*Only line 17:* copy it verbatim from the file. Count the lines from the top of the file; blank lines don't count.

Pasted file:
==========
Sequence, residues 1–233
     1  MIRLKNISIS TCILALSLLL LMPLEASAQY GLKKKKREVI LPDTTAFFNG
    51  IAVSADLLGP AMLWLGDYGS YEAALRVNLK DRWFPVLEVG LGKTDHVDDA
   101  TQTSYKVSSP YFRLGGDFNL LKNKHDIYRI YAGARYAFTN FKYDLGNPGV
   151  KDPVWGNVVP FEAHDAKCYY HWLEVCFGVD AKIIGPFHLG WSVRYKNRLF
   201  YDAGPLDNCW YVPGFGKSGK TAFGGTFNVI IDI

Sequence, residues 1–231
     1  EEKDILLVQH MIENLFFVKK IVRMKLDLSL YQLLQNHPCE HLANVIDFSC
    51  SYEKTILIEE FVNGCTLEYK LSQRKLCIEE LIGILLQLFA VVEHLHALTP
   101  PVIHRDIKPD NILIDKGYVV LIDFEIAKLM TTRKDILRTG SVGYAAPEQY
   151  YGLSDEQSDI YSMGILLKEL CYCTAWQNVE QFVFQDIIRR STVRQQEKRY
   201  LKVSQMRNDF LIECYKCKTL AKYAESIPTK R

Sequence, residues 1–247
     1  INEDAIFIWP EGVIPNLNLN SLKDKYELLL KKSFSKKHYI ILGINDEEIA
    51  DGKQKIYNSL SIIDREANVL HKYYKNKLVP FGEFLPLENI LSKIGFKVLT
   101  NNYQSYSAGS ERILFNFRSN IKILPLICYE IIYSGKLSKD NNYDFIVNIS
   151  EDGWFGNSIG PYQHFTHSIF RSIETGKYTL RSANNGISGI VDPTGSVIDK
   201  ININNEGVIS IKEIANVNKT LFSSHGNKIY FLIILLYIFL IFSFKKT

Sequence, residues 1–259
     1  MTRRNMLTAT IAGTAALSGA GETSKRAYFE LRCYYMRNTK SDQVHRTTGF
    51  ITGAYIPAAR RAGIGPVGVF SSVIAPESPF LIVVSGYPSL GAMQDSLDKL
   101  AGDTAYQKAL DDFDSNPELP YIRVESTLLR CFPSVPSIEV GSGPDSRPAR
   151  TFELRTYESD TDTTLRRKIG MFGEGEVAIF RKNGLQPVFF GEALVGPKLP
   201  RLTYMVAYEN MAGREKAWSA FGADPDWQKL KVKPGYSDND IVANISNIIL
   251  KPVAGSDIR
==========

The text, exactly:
   151  EDGWFGNSIG PYQHFTHSIF RSIETGKYTL RSANNGISGI VDPTGSVIDK